Work Abroad Leading Adventure Tours
How to Make Your Trips Pay
Leading a tour in Machu Picchu.
When I tell people what I do for a living, their reaction is almost always the same. "You're so lucky," they would say, or "You've got my dream job." In the last four years as an adventure tour leader, I have led tours in over fifteen countries. I have taken groups hiking and rafting in Patagonia, elephant riding in Vietnam, and camping in Peru. I have guided camel riding trips in Jordan, Egypt, and Morocco, and recently I steered a jeep safari across the Tibetan plateau to Lhasa.
I have to lead forays closer to home, some gentle rambles in Spain, Greece, and Turkey, and an overland train journey from London to Damascus. In the process, I have made hundreds of new friends, learned a language, and saved a tidy sum.
So I can see their point. In many ways, I do have a "dream job." However, luck has very little to do with it.
The Adventure Travel Industry
The adventure travel industry has ballooned in recent years as more and more people are turning their backs on the beach holidays of old and opting instead to hike the Inca Trail, climb Mount Sinai, or cross the Sahara on the back of a camel.
While many throw on a backpack and hit the road, for those with time constraints or who are concerned about traveling alone, signing up with a small group tour operator is often the way to go.
Traveling this way has other significant benefits as well. Tour operators will organize almost every detail of your trip, from hotels and transportation to guides and porters, saving you the time and energy required to do so yourself.
With their expertise and contacts in the region, tour operators can often offer more attractive, "off the beaten track" itineraries and can access areas otherwise off-limits to the independent traveler.
As a passenger on a tour, you'll meet a group of like-minded individuals to share your experience and have plenty of backup should you be robbed, a civil war breaks out, or a tsunami hits.
The tours are designed around a set itinerary in a specific geographic region, sometimes in a single country but often passing through many neighboring countries. Where mainstream tour operators will focus on famous sites, resorts, and upmarket hotels and restaurants, adventure tour operators spend time in places that offer real insight into local life, participate in activities that aren't strictly relaxing, and travel in small groups of about 16 people.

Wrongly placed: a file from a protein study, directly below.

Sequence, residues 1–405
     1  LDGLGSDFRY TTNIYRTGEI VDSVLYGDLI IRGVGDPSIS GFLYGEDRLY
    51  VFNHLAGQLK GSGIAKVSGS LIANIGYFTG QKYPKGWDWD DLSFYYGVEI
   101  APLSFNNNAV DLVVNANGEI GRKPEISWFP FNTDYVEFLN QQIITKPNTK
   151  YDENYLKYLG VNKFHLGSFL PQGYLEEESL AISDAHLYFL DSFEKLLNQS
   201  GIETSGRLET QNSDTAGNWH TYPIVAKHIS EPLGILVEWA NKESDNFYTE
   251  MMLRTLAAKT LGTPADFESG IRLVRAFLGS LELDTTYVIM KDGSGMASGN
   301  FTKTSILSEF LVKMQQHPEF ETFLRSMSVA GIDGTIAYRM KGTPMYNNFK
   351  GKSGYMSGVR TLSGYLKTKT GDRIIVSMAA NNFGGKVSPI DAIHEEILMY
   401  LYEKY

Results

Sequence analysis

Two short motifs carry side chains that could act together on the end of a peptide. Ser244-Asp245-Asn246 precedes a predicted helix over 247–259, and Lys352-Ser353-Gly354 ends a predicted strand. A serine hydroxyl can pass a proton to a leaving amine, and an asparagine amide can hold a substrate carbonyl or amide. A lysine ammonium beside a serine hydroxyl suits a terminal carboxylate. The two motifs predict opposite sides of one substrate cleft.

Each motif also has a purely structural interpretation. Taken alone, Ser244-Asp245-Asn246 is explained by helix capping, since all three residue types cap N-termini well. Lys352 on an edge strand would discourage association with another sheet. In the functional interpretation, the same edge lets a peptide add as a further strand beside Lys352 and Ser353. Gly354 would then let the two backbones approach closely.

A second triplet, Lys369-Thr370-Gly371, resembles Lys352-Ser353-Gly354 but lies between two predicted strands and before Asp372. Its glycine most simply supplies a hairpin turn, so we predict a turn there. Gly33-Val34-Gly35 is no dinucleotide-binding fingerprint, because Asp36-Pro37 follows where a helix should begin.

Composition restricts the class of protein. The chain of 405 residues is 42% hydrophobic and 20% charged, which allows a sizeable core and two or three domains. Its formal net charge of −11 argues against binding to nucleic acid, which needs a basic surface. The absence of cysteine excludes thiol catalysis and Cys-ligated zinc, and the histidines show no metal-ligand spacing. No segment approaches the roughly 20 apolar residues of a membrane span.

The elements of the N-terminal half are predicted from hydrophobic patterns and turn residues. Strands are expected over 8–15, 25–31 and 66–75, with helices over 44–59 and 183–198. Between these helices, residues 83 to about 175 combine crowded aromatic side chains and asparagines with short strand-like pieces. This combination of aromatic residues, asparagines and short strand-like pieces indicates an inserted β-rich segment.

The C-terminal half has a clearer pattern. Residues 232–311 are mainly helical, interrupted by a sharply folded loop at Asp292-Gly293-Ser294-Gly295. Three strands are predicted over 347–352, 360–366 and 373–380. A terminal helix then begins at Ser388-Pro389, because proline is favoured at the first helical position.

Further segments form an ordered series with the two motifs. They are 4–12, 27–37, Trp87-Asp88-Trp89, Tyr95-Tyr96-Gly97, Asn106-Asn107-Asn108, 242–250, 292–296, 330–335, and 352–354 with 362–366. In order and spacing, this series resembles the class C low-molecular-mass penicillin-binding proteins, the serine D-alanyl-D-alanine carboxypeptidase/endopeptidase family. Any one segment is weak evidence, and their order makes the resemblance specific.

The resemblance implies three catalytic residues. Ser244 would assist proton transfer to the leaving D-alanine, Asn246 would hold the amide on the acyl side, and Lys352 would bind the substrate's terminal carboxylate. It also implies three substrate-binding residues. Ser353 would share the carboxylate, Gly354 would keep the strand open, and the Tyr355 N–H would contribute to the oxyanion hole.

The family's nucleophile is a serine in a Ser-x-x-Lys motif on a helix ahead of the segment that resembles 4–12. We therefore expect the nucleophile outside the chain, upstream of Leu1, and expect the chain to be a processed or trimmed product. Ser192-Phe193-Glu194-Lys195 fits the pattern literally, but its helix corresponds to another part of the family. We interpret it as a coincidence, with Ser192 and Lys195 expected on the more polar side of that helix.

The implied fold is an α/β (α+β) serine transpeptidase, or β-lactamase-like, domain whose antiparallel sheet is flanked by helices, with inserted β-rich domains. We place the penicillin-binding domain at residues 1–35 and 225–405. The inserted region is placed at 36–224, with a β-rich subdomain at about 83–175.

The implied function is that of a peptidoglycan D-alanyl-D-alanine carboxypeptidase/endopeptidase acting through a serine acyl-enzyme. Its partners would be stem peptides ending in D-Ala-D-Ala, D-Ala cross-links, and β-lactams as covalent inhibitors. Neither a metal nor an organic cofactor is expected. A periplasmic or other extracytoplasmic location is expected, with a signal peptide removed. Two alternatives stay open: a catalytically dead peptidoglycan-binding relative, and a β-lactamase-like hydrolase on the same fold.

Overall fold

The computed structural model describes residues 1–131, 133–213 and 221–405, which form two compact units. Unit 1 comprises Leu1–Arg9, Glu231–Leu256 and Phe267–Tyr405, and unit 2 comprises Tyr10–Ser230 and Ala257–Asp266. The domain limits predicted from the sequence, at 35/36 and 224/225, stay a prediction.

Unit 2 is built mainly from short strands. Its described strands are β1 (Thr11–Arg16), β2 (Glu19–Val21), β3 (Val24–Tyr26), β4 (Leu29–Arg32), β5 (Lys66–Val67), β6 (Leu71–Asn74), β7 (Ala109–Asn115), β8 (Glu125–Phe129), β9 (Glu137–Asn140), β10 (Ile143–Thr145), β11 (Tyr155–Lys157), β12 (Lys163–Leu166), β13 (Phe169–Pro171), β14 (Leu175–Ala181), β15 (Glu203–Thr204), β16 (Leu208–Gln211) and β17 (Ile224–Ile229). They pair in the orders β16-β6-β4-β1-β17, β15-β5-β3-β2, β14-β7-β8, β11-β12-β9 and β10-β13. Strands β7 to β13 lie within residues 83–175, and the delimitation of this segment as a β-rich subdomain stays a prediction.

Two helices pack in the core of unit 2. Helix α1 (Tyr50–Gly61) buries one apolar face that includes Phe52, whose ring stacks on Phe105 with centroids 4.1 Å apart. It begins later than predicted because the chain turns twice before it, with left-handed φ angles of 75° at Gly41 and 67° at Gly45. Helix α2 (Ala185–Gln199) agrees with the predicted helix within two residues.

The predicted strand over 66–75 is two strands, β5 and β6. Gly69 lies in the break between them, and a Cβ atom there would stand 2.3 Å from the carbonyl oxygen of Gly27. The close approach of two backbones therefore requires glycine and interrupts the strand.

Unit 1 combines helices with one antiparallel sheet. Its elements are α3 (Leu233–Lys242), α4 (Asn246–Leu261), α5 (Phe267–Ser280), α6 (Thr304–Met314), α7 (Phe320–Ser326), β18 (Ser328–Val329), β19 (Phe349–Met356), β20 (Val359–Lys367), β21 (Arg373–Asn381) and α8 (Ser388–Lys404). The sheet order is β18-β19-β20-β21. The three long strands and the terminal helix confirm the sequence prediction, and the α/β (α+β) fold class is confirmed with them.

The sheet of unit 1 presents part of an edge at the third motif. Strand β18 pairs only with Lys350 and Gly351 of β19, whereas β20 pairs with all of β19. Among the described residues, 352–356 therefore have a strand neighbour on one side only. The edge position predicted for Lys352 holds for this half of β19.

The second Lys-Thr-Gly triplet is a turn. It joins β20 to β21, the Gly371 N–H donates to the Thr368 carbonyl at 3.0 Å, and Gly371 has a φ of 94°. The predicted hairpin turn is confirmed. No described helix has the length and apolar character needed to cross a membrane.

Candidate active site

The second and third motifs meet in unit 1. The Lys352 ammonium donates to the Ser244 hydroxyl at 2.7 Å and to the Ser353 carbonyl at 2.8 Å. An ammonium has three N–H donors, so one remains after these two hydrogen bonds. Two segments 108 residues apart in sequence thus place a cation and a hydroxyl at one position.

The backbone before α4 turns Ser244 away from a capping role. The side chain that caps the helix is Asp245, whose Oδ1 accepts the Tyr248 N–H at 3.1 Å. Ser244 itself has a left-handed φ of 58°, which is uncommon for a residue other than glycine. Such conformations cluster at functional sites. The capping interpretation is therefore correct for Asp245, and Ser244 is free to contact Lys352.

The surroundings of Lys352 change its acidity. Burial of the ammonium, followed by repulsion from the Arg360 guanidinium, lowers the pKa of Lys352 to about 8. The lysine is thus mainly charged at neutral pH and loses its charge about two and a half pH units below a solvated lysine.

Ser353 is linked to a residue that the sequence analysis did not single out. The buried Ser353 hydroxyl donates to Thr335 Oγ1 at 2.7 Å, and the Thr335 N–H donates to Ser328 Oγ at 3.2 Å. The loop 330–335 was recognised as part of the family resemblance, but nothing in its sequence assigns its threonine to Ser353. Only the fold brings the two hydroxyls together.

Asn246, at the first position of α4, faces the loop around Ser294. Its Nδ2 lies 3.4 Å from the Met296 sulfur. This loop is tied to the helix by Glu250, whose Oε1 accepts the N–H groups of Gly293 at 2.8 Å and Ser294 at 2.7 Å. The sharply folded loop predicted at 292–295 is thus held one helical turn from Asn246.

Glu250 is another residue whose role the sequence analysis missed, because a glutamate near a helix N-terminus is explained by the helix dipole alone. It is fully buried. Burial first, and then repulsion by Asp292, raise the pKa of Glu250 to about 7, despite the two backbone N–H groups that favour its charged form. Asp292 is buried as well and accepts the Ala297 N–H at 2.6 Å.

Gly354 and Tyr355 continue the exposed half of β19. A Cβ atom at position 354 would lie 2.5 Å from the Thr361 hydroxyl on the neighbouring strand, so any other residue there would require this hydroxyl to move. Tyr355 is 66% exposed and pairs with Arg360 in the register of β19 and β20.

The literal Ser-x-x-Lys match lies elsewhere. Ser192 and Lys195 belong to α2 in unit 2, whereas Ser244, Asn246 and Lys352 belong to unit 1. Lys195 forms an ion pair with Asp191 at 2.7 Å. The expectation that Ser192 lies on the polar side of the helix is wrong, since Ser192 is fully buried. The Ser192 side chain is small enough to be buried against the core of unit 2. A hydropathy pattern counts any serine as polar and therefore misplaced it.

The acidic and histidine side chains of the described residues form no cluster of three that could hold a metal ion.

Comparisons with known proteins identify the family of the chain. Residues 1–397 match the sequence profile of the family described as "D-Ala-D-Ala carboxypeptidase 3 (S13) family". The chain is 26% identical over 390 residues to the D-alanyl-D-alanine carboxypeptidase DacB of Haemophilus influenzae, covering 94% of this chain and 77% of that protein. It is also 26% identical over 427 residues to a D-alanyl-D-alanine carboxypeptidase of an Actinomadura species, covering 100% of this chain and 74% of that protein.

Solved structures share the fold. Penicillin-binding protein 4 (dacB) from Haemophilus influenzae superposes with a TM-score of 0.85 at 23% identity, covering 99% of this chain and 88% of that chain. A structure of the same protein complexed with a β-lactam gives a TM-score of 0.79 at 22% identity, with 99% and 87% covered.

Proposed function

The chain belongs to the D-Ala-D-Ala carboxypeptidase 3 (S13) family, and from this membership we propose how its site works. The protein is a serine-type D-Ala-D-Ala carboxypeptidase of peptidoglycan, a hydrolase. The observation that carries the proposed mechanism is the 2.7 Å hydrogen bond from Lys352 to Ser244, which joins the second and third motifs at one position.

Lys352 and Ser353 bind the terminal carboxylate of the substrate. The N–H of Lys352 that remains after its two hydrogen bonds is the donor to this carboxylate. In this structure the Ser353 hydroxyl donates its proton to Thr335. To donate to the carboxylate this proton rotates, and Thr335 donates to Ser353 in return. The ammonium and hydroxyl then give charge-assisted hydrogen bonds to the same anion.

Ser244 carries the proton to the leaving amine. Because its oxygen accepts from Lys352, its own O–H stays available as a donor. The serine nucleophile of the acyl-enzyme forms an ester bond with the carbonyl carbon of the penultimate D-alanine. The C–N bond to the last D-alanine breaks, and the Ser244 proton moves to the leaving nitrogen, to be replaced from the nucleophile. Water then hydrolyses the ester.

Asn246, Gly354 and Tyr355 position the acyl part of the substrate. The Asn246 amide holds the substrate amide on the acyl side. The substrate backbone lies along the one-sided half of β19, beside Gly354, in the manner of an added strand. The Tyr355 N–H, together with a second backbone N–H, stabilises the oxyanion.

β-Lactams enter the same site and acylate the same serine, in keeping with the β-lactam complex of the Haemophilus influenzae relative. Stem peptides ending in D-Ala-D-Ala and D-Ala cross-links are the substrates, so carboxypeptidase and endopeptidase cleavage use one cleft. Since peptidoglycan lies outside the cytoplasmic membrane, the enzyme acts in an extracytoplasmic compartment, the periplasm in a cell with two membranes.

Small group tours began in the1960s with organized hiking trips to Nepal and overland truck journeys following classic routes like London to Kathmandu, the trips were demanding, and facilities were basic.
However, after 50+ years of doing such tours, operators work in almost every feasible destination that is not otherwise war-torn or blacklisted by the foreign office. Small group tours go to Antarctica, Iran, Cambodia, Vietnam, and more conventional destinations like Spain, Australia, or the Seychelles.
While many specialist agencies have their niche, the big operators now offer a comprehensive package, including walking, cycling, kayaking, camping, cultural immersion, or all of the above. Now tours offer something for everyone, and different grades from budget to luxury to suit every traveler's need.
The Tour Leader
Tours operate the world over, and every tour needs a leader.
The possibilities are endless as an adventure tour leader, especially working for the larger companies that offer the most comprehensive range of tours. Some tour leaders are eternal seekers of new experiences, jumping from country to country and trying to see as much as possible during their careers. Others find something, or somewhere they love and decide to stick to it, becoming experts in their chosen field.